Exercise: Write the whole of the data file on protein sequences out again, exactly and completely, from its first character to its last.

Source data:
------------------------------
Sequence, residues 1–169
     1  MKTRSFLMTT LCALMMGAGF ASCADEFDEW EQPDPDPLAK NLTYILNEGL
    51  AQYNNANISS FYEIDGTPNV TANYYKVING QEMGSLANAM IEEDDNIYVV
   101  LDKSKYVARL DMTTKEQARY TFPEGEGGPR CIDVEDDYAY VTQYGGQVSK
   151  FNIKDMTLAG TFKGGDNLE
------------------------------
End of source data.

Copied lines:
Sequence, residues 1–169
     1  MKTRSFLMTT LCALMMGAGF ASCADEFDEW EQPDPDPLAK NLTYILNEGL
    51  AQYNNANISS FYEIDGTPNV TANYYKVING QEMGSLANAM IEEDDNIYVV
   101  LDKSKYVARL DMTTKEQARY TFPEGEGGPR CIDVEDDYAY VTQYGGQVSK
   151  FNIKDMTLAG TFKGGDNLE